Alas, the love spell is broken when Delaney encounters his sister’s murder-plotting husband, Thorne, outside his father’s office. The smarmy insurance salesman worms his way in with the hardly believable excuse of trying to cut Delaney a deal on ship insurance. Because our James is a man of class, he offers Thorne some coffee, and breaks the news that he’s already insured, but thanks. As we suspected, Thorne’s not really here for insurance, nor is he here to politely sip coffee. Rather, he’s here to thank Delaney, because he’s incredibly turned on by his wife’s oh-so-very-taboo past. And then Thorne proves that he too can write naughty prose: “Since you came back, our fucking has become almost murderous,” he tells Delaney. “To think, I have this wicked thing beneath me, and it’s my lifelong duty to punish her.” I didn’t know Taboo was going to veer into the bodice ripper genre, but here we are.
And just when I thought we’d gotten our weekly dose of Thorne’s poetry, how wrong I was. Each week, I’m stumped between feeling that this character’s dialogue is the most offensive stuff I’ve heard recently, or maybe just the most creative. Confronting Zilpha with the fact that he’s noticed, and is pissed, that she’s got her period again this month—gold star for you Thorne, you don’t even need a period tracker!—he pummels her with an expletive-laden plea for children that includes an apology for not being a blood relative, another mention of her menstrual cycle and a promise to buy her fine china if she can make it stop. Wow, just wow. I happen to agree with your lover/brother Zilpha, ditch this guy yesterday.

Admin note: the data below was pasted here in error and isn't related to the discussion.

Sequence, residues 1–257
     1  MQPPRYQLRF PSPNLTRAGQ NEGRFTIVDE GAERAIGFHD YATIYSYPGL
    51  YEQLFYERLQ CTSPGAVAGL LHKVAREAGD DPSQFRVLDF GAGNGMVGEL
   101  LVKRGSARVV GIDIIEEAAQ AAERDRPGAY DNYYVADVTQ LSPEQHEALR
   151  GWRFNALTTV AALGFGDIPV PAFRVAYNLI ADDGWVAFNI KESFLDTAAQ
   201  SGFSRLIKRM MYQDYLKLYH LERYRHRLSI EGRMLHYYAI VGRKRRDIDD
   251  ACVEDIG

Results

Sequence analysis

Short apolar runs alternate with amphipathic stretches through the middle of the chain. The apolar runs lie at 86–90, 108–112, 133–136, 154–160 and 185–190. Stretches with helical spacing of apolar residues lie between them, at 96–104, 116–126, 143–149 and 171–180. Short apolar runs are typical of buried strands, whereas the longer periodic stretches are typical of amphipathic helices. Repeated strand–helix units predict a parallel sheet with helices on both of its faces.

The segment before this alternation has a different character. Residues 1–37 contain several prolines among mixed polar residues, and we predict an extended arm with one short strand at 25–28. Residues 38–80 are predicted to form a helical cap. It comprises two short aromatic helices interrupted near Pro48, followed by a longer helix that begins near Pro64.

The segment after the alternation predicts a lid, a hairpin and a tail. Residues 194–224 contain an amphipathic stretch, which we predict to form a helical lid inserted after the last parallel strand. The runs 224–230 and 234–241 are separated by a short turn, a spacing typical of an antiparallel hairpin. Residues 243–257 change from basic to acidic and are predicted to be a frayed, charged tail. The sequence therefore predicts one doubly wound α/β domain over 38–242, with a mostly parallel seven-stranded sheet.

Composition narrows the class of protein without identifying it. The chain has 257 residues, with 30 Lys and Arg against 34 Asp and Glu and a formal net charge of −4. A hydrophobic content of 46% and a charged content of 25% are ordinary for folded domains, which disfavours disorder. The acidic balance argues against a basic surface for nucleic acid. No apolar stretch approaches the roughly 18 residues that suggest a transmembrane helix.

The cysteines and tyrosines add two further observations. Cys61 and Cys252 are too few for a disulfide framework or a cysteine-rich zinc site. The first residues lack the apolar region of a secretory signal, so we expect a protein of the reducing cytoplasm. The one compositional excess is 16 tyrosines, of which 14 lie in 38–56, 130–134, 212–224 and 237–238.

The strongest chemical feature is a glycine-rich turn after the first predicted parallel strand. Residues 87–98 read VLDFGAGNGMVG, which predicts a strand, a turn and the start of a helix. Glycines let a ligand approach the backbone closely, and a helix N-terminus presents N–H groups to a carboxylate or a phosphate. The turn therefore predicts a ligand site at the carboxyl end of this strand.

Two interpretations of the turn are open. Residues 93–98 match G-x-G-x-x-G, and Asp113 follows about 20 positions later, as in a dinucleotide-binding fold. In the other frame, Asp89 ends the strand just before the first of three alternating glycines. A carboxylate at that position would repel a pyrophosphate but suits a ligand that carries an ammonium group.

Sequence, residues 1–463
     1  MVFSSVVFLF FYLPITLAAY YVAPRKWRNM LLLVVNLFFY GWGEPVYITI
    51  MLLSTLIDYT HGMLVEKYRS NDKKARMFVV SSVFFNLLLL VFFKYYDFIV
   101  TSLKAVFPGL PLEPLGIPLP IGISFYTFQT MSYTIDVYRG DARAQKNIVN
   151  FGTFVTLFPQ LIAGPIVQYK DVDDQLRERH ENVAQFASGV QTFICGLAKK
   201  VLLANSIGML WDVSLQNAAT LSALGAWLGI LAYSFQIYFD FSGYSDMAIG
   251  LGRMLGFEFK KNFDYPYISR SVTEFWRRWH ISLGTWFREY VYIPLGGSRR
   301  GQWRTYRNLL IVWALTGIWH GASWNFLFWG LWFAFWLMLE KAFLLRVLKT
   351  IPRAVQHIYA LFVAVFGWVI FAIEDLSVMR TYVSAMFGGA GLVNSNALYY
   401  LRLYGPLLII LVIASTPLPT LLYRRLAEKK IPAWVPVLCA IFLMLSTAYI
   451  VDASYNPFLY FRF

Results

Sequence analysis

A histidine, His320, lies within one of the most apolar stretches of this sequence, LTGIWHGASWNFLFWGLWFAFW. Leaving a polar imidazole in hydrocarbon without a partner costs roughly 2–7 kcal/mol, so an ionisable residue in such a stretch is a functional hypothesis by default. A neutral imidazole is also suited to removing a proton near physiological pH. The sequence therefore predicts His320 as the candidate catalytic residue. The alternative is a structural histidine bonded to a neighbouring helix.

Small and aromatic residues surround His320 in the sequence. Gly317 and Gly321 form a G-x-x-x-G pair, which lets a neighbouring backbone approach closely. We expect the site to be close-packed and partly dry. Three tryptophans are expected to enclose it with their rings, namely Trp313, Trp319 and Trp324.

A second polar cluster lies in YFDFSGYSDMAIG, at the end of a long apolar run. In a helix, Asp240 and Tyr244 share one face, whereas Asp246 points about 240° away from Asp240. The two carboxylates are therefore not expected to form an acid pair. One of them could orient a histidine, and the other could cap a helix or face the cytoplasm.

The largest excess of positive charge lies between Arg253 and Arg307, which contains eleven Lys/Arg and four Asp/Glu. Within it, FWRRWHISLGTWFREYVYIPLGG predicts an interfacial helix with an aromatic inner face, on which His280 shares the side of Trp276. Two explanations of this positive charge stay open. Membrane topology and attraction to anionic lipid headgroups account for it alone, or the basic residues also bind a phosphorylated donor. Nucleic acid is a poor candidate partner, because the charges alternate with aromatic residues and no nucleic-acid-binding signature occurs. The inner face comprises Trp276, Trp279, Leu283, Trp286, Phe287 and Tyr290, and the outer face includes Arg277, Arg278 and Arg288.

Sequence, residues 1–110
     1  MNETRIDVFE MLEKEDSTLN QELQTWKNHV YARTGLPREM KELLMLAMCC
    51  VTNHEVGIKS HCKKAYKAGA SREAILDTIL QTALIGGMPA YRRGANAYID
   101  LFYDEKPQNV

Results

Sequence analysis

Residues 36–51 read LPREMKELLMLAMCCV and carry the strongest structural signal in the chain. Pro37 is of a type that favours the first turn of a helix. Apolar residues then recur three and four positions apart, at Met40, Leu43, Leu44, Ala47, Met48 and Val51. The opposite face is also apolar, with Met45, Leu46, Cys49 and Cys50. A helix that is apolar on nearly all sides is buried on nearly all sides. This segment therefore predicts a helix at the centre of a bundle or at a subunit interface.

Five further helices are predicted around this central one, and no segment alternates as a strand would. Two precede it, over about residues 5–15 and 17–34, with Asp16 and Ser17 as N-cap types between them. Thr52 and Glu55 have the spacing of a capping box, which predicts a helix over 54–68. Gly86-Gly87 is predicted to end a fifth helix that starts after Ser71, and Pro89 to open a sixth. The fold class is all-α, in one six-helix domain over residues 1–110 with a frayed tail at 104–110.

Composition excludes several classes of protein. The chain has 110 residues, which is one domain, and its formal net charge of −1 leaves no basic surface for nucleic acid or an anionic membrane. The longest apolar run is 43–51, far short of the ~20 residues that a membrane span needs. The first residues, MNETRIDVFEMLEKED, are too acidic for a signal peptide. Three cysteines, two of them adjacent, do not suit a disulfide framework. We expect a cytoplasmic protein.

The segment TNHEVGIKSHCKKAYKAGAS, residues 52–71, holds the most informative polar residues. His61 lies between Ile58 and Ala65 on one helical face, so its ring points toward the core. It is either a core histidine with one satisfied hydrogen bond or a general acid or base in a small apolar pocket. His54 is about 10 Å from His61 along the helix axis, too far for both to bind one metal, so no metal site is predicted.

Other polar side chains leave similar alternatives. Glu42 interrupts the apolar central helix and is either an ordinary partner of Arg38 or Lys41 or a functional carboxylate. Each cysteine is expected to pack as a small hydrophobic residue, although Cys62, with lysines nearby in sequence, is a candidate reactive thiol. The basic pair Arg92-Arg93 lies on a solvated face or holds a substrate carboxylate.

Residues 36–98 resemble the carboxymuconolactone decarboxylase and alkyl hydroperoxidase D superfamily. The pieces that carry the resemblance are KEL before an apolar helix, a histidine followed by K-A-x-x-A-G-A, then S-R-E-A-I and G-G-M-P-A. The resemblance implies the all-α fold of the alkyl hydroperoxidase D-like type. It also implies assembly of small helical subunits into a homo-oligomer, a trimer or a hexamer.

While viewers recover from Thorne’s male rights screed, Delaney arrives home to find Lorna Bow squatting in his living room. According to her confirmed and legal marriage with his deceased father, she owns half the Delaney estate, which includes the house. “My servant wants to shoot you in the face,” Delaney tells Lorna, maybe with a little too much honesty. But when the actress tells him that she has in her possession things that once belonged his dead parents, Delaney albeit has a seizure and yells for Brace to ready a room for her to stay.
Episode 3 ends with Lorna Bow completing the circle of violence that began last week. Delaney’s enemies leave no stone unturned, and tag Lorna as a target. After a tough night on stage, Lorna is lured into a carriage by an affectionate fan who wants her to participate in a three-way with her husband, the Duke of Richmond. Just in the nick of time, Delaney appears (in the rain of course) and shoots the Duke, only grazing him but with enough force to send the message that Lorna is not for sale. The damage, however is done. To Delaney Lorna is just a “weakness” bound to get in the way while he plots his path of revenge. And as we began, so we end: ready for a fight.
I still have some questions…
— Before letting Delaney up off the table, Dumbarton lets slip that Carlsbad is actually a “she,” and leaves Delaney “looking for a lady.”
— Atticus prods Delaney, “If we ain’t partners, what are we then?” That’s a good question. Delaney trusts Atticus enough to order his food (Brace doesn’t even get that honor), but what is Atticus’ role beyond being the show’s main muscle?
— Winter says she knows what the bird on Delaney’s back is: a sand piper. But Delaney himself doesn’t know what the significance of the mark is.
— It’s probably not advisable to wade in dirty basement